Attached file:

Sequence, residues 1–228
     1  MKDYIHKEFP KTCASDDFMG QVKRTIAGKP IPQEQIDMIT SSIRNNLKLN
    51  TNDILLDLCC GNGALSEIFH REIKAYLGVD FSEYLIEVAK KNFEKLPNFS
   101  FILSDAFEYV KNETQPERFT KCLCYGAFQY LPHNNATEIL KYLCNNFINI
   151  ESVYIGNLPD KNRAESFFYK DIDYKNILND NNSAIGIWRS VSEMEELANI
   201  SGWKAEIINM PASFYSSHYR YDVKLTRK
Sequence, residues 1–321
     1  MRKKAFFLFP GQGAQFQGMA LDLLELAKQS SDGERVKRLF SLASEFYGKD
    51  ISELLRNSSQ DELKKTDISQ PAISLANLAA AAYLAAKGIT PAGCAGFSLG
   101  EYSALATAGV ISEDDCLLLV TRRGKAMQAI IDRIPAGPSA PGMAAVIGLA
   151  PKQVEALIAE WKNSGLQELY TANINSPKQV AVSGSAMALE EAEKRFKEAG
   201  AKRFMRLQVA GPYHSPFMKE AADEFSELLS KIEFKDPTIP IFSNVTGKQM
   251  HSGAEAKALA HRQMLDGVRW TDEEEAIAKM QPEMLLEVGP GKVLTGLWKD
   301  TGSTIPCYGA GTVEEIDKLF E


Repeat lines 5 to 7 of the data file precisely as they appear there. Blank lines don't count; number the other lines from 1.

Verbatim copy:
   151  ESVYIGNLPD KNRAESFFYK DIDYKNILND NNSAIGIWRS VSEMEELANI
   201  SGWKAEIINM PASFYSSHYR YDVKLTRK
Sequence, residues 1–321